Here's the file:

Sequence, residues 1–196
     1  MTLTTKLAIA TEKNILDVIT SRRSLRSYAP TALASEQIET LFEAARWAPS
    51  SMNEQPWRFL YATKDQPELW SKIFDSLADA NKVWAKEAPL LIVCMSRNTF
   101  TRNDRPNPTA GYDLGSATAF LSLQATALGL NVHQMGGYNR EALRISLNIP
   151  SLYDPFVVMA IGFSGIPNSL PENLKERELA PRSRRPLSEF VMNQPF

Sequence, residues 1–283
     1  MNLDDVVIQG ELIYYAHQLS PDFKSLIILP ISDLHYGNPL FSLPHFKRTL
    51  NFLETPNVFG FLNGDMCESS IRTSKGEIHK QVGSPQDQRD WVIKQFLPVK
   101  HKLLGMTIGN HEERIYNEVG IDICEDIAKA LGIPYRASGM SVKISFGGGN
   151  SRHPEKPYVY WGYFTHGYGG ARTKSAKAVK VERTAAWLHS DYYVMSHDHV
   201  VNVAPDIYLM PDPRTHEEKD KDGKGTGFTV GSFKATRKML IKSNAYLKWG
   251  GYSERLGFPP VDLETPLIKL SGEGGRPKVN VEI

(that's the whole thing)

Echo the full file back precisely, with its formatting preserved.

Sequence, residues 1–196
     1  MTLTTKLAIA TEKNILDVIT SRRSLRSYAP TALASEQIET LFEAARWAPS
    51  SMNEQPWRFL YATKDQPELW SKIFDSLADA NKVWAKEAPL LIVCMSRNTF
   101  TRNDRPNPTA GYDLGSATAF LSLQATALGL NVHQMGGYNR EALRISLNIP
   151  SLYDPFVVMA IGFSGIPNSL PENLKERELA PRSRRPLSEF VMNQPF

Sequence, residues 1–283
     1  MNLDDVVIQG ELIYYAHQLS PDFKSLIILP ISDLHYGNPL FSLPHFKRTL
    51  NFLETPNVFG FLNGDMCESS IRTSKGEIHK QVGSPQDQRD WVIKQFLPVK
   101  HKLLGMTIGN HEERIYNEVG IDICEDIAKA LGIPYRASGM SVKISFGGGN
   151  SRHPEKPYVY WGYFTHGYGG ARTKSAKAVK VERTAAWLHS DYYVMSHDHV
   201  VNVAPDIYLM PDPRTHEEKD KDGKGTGFTV GSFKATRKML IKSNAYLKWG
   251  GYSERLGFPP VDLETPLIKL SGEGGRPKVN VEI